By Andy Tarnoff Publisher Published Mar 28, 2020 at 9:03 AM

The coronavirus pandemic has changed our everyday life, but it doesn't need to change who we are. So, in addition to our ongoing coverage of the coronavirus, OnMilwaukee will continue to report on cool, fun, inspiring and strange stories from our city and beyond. Stay safe, stay healthy, stay informed and stay joyful. We're all in this together. #InThisTogetherMKE

Throughout the coronavirus crisis, we’ve told you about the plight of workers in the gig economy, restaurants and bars, and small business owners, alike.

Another sector that is being especially hard hit is car dealerships – and in Milwaukee, motorcycle sales, too.

House of Harley-Davidson, 6221 W. Layton Ave., has enacted a plan to keep its sales and service workers employed throughout this difficult time. Fortunately for the dealership, owner Jeff Binkert notes that the police motorcycles it services remain essential. But he also points out that House of Harley has taken additional steps to keep the motors running and get his customers ready for riding season.

We caught up with Binkert to learn how.

Tell me about your plan to keep your employees working during this crisis. Why are you committed to this?

Jeff Binkert: Our first concern is our employees, which means we care about their physical health, but also their financial health. We know other businesses are laying off employees, and we know there is tremendous anxiety right now, no matter what the industry. We refer to ourselves and our customers as "House family" and that is the core value of our business. We have reduced our hours of operation by 30% on a weekly basis and we are employing all safety recommendations from the CDC.

How do you sell motorcycles when salespeople and customers can’t meet face-to-face?

Per the Governor's order, we are considered an essential business. We service the law enforcement motorcycle units of 16 Wisconsin law enforcement agencies, including MPD – City of Milwaukee (61 bikes), MCSO – Milwaukee County Sheriff’s Office (10 bikes), Wauwatosa PD (3 bikes), Franklin PD (2 bikes), Walworth County Sheriff’s Office (1 bike), Jefferson County Sheriff’s Office (3 bikes), Brown Deer PD (1 bike ), Greendale PD (1 bike), South Milwaukee PD (1 bike ), Wisconsin State Patrol (14 bikes ), West Allis PD (1 bike), Mount Pleasant PD (3 bikes), New Berlin PD (2 bikes), City of Racine PD (2 bikes), Racine County Sheriff (2 bikes) and Waukesha County Sheriff’s Office (2 bikes).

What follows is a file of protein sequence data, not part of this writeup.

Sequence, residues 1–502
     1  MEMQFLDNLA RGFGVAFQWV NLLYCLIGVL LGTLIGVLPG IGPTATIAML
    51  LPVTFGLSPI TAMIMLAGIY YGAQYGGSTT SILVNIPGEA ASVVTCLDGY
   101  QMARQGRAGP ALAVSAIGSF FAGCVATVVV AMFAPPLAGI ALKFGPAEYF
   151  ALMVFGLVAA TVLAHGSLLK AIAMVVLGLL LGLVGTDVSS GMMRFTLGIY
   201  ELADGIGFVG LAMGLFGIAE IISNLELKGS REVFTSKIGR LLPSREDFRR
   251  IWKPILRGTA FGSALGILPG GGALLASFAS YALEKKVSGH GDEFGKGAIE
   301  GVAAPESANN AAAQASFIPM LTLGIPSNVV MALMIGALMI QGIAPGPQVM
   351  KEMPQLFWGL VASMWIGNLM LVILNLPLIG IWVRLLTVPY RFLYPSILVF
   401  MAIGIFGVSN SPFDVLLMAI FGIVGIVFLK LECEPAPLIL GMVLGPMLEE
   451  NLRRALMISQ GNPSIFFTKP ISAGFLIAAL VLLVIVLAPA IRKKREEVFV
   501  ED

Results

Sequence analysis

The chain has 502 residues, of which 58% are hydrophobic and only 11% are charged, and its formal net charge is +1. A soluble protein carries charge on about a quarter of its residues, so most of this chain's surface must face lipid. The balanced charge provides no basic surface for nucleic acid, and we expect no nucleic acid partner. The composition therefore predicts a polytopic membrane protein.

Are you finding that Harley riders are especially loyal when it comes to supporting the brand?

Since 1903, the Harley-Davidson brand has weathered 117 years of political, financial and medical crises, although nothing quite like what we're seeing today. The brand represents personal freedom, and people are realizing right now that freedom is more important than ever.

How else have you been forced to get creative during these unprecedented times?

For standard operations, we have adopted new policies and procedures under the guidelines of the CDC. Social distancing, repeated sanitization, limitation to 10 people or less in meetings, etc. As an option to customers, we have also adopted curbside pick up and drop off for service, and have been processing motorcycle sales via telephone and documentation via mail, overnight mail or email. A full range of merchandise, parts and riding apparel is also available on our website,

How can Milwaukee help the House of Harley?

Our team is dedicated to helping people continue to dream of the motorcycle riding season ahead. We are supporting our employees and our customers. We are grateful to those who support us now, as well.

Andy is the president, publisher and founder of OnMilwaukee. He returned to Milwaukee in 1996 after living on the East Coast for nine years, where he wrote for The Dallas Morning News Washington Bureau and worked in the White House Office of Communications. He was also Associate Editor of The GW Hatchet, his college newspaper at The George Washington University.

Before launching in 1998 at age 23, he worked in public relations for two Milwaukee firms, most of the time daydreaming about starting his own publication.

Hobbies include running when he finds the time, fixing the rust on his '75 MGB, mowing the lawn at his cottage in the Northwoods, and making an annual pilgrimage to Phoenix for Brewers Spring Training.